Switching gears from a typical executive director's report to the Board during the Global Fund's 33rd meeting on 31 March, Mark Dybul reflected on the six trips he had made in the first quarter of 2015 that demonstrated what he said were the breadth and flexibility inherent in the new funding model.
A consensus, unanimous vote for the new 'Dream Team' was passed, electing Norbert Hauser of the German delegation and a former interim inspector general as Board chair and Aida Kurtovic, from the EECA delegation and long-time civil society activist, as vice-chair. Campaigning took place behind closed doors and the vote passed easily as the 33rd Board meeting opened on 31 March.
The Office of the Inspector General (OIG) issued its annual report for 2014 and reported to the Board on the implementation of agreed management actions (AMAs) by the Secretariat as part of a presentation at the 33rd Board meeting on 31 March. In a separate report, the Secretariat provided the Board with an update on recoveries.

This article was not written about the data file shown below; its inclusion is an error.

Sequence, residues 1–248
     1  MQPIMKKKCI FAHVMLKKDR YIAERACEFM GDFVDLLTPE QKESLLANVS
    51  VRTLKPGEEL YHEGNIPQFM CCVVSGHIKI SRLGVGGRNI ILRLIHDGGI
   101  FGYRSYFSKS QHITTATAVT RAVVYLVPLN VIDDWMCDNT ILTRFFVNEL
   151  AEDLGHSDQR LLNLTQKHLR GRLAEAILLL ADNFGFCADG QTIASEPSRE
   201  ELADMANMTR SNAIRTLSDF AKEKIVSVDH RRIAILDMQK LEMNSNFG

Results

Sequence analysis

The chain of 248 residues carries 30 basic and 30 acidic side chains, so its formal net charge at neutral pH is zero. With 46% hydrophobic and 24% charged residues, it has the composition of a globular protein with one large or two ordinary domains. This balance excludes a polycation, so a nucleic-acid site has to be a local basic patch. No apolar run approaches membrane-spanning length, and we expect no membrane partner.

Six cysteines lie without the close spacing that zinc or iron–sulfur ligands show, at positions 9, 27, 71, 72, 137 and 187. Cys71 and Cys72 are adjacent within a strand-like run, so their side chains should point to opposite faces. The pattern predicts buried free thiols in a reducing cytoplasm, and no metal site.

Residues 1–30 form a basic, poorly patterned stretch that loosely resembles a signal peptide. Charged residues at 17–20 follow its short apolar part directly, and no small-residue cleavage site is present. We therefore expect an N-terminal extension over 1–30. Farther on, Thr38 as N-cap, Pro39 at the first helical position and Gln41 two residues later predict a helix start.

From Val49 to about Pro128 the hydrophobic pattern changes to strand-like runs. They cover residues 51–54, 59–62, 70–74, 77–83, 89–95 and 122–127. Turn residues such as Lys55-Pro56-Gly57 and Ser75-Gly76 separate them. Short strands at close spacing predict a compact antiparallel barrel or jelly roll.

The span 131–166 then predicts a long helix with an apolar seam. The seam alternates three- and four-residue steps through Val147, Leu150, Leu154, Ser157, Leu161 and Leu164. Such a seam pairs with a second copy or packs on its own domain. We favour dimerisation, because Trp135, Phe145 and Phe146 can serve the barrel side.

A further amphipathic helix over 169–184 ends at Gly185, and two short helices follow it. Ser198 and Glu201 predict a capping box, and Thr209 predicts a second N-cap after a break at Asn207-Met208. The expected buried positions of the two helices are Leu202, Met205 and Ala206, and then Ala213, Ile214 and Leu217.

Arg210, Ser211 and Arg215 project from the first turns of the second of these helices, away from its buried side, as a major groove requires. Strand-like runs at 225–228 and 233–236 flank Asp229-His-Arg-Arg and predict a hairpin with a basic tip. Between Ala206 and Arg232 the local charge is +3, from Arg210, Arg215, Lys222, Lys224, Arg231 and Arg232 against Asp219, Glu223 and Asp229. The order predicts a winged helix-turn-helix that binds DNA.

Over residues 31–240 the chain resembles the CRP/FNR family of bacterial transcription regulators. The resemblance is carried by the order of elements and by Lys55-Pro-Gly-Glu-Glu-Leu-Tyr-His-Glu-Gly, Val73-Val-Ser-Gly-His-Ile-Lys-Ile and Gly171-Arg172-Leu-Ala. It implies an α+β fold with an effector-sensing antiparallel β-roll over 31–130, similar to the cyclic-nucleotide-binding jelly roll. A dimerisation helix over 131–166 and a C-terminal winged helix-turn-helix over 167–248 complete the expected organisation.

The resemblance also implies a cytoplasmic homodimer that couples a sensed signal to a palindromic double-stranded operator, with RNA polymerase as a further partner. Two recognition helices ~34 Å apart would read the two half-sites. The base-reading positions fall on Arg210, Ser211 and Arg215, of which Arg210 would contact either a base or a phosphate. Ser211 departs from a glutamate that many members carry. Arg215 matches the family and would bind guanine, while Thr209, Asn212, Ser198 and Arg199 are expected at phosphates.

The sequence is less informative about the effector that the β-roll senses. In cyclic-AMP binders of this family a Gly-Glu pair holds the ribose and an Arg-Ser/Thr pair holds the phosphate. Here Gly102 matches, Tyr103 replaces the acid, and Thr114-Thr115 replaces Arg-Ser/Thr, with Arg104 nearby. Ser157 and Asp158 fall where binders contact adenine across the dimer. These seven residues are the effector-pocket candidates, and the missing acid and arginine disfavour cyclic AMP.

The Global Fund provided an update on its implementation of the $15 million Community, Rights and Gender (CRG) Special Initiative: technical assistance to improve civil society participation in country dialogue and concept note development, and support for long-term capacity development of civil society networks.
The CRG special initiative has three components:
The Global Fund is urging Ukraine's government to approve a resolution paving the way for emergency deliveries of critical medicines and other health commodities into the country's restive east, part of which is currently controlled by pro- Russian troops.
The Global Fund mobilizes and invests some US$4 billion annually to support national responses to AIDS, TB and malaria in nearly 140 countries.
Since its inception, the Global Fund has played an increasingly significant role in providing funding for TB control programs in Fund- eligible countries. By 2012, this contribution made up 80% of all international spending on TB.
At the global epicenter of the HIV epidemic, intravenous drug use and sharing of syringes, needles and drug use paraphernalia, unprotected sex, multiple sexual partners, and low and inconsistent condom use are among the drivers of the spread of the virus . Equally, prisoners comprise a key vulnerable population contributing to the epidemic.
The TB field prides itself on being painstakingly evidence-based and yet in one arena, acknowledged inequality has persisted for years without triggering much reflection or retooling. In fact the prevailing discourses continue to obscure gender inequality that is inconvenient and distract from efforts to fight TB where it lives.